Abstract

Cited by 11 (4 self)
 Add to MetaCart
Introduction Since the 1980s, the deterioration of the academic job market in physics has been attracting a large number of physicists to investment banks: many of them are now working as \quants", designing sophisticated new derivative products or developing numerically intensive data analysis techniques for price and volatility forecasting. More recently, several teams of physicists have launched their own rms, oering services in the elds of nancial software design and forecasting. There exists however another set of motivations { scientic ones { which have also been prompting theoretical physicists { especially those with a background in statistical physics { to become interested in nance. Although this phenomenon may seem a bit mysterious to the outsider, we will attempt to convince the reader that it is not: nancial markets may well be considered as objects of high potential interest for researchers in statistical physics. 1.1 Motivations Statist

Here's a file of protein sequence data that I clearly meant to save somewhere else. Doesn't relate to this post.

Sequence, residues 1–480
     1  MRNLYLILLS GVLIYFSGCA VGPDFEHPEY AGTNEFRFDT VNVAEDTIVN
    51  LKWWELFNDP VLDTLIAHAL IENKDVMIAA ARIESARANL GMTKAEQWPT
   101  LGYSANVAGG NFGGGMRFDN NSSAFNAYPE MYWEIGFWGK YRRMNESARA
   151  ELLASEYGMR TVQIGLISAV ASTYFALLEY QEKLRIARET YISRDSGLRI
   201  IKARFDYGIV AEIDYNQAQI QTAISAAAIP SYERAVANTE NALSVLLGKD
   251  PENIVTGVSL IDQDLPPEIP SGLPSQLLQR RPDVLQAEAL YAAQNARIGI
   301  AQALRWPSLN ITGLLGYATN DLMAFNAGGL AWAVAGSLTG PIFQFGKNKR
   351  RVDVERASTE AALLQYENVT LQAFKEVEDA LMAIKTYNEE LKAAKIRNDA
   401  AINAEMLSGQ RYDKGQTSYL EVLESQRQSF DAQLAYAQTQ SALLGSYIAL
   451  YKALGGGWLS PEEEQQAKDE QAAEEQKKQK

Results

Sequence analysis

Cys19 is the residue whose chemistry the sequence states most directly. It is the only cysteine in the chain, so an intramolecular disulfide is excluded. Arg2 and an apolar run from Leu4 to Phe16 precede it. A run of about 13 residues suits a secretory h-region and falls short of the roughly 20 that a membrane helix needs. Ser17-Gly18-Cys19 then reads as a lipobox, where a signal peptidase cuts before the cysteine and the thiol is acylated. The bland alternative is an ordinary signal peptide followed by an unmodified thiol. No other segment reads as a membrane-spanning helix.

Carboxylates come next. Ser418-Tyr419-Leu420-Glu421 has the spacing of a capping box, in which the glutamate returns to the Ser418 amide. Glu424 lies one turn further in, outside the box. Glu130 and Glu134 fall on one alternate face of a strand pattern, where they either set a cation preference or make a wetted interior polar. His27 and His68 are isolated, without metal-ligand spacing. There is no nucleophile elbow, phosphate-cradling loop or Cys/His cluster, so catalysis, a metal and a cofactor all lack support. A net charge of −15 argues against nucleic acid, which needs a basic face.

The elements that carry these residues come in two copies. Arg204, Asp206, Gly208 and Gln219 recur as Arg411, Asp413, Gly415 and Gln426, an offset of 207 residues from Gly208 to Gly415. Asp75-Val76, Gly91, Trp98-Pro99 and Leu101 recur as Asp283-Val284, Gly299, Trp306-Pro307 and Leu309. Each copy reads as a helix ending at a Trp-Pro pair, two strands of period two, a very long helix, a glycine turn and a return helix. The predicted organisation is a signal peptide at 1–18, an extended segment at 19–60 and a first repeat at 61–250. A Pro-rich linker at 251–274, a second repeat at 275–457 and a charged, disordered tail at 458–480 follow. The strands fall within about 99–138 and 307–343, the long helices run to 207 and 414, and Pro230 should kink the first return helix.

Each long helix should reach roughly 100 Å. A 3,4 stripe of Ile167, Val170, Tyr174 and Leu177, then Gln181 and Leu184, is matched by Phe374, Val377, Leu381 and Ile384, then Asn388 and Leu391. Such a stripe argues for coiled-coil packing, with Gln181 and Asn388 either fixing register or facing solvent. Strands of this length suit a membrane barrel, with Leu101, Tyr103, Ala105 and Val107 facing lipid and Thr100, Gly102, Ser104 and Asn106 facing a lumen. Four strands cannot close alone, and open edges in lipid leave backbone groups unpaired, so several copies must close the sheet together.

On a universal mechanism for longranged volatility correlations, eprint condmat/0012156
"... We propose a general interpretation for longrange correlation effects in the activity and volatility of financial markets. This interpretation is based on the fact that the choice between ‘active ’ and ‘inactive’ strategies is subordinated to randomwalk like processes. We numerically demonstrate o ..."
Abstract

Cited by 10 (0 self)
 Add to MetaCart